11-Jul-2008 -- Story continues from 35°N 115°E.
We get back to the main road just in time to catch a passing bus west to Zhèngzhōu (郑州), capital of Hénán Province (河南省). In Zhèngzhōu, we get a taxi across town to the north bus station, and again arrive just in time to catch the last bus NE to Ānyáng City (安阳市), at 5:25 p.m.
I receive an email on my BlackBerry from Peter Cao, confirming receipt of the CD containing our first 14 confluence visits' photos, which brings tremendous peace of mind. During these long confluence trips, my biggest concern is always the potential loss of irreplaceable photographic records.
We arrive in Ānyáng quite late, and check into the extremely good Aoma Business Hotel, just near the railway station. The next morning, we need to take a no. 28 commuter bus to the west bus station, from where we catch the 9 a.m. bus SW to Mǎjiā Township (马家乡).
It's a hot, dry, dusty day, with terrible air pollution. Our bus goes past a huge, coal-fired power station on the outskirts of Ānyáng, belching out its fair share of pollutants.
In Mǎjiā, 4.55 km NE of the confluence, we engage a minivan driver to take us to Guōjiāyáo Village (郭家窑村), which, looking at the map, seems to be the nearest identifiable place to the confluence. Before we get to Guōjiāyáo however, at another village just 500 m east of the confluence, we ask the driver to take a gravel side road, which brings us to 240 m east of the confluence at its closest point.
We start our assault on the confluence at a likely-looking spot a bit further down the gravel road, 300 m SE of the confluence. We climb over some terraced fields, and eventually find the confluence on the other side of the hill, amongst some derelict terraces, overgrown with wild vegetation, including many nasty thorn bushes.
It requires some degree of sacrifice - in the form of deep scratches to my unprotected legs - to perform the confluence dance and secure the zero reading on the GPS. That done, we snap the photos facing north, south, east and west, then return to the path we discovered at the top of the hill, where Ah Feng now stops to photograph my bloody legs. We then walk down the path, which connects to a small gravel road, which in turn leads back down to the main gravel road, at 36°0'4.4"N 114°0'13.3"E. This is certainly the simplest way to reach this confluence.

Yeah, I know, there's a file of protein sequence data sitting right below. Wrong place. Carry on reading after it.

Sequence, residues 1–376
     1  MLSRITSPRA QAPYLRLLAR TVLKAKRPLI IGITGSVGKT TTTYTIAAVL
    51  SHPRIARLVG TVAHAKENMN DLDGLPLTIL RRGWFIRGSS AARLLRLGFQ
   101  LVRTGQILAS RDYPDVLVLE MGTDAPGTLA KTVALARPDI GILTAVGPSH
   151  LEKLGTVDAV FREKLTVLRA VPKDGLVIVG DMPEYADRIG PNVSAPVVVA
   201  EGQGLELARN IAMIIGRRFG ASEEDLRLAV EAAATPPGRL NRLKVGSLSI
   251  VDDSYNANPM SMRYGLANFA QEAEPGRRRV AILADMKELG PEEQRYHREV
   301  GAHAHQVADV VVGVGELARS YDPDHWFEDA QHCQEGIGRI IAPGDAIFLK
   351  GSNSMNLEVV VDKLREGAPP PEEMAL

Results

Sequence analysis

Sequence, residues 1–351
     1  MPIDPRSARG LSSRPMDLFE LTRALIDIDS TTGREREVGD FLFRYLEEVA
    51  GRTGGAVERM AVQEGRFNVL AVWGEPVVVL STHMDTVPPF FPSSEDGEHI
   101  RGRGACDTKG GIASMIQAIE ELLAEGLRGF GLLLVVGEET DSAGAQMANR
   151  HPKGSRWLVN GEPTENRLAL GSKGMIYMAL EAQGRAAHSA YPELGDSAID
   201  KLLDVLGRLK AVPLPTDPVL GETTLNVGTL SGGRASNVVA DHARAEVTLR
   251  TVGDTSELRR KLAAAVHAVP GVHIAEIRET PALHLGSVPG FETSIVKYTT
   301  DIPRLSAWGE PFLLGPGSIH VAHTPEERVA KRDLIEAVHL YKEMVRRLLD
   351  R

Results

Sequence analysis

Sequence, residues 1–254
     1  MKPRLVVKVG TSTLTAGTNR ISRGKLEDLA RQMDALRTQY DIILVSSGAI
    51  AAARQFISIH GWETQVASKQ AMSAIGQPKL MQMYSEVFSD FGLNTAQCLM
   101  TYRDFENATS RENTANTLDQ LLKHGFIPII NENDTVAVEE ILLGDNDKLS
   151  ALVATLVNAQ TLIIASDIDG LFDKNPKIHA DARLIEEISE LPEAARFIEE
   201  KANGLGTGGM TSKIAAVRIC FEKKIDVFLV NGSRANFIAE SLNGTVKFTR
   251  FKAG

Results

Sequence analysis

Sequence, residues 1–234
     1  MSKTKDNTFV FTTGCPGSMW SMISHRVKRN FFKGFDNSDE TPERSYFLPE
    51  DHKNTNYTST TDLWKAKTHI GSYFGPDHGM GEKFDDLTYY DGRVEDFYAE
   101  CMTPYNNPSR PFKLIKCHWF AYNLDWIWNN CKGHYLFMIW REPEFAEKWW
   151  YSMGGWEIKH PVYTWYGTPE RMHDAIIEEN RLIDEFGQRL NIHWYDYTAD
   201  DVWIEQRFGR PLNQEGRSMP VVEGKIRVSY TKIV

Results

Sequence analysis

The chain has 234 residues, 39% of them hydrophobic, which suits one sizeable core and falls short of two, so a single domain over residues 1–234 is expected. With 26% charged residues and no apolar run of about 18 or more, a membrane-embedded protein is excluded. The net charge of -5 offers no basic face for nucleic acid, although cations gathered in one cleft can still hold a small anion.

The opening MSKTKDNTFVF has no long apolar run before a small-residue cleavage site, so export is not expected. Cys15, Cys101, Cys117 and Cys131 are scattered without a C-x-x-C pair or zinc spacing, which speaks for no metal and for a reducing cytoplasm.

Our minivan driver has been patiently waiting to take us back to Mǎjiā. When we arrive, there is an Ānyáng-bound bus sitting there, and I get on board to secure our seats, while Ah Feng goes off to find somewhere to wash her feet. I'm sitting on the bus, chatting with the locals, when suddenly the police arrive, and ask me to get off the bus and accompany them to the local police station, a short walk away.
They keep Ah Feng and me there for about an hour, asking lots of questions, examining and photocopying our travel documents, and even having a half-hearted play with the GPS. But in the end, the situation is not as grave as we fear. We are not in a closed area, and have done nothing wrong. It's all because of the Běijīng Olympics, they explain. A new regulation requires them to closely monitor the activities of any foreigners who happen to show up on their patch.
After asking us to pose for a group photo (we also have them to take the same photo with our camera), they drive us all the way out to the main highway, and wait with us there until we're safely on a passing bus back to Ānyáng.
Story continues at 36°N 115°E.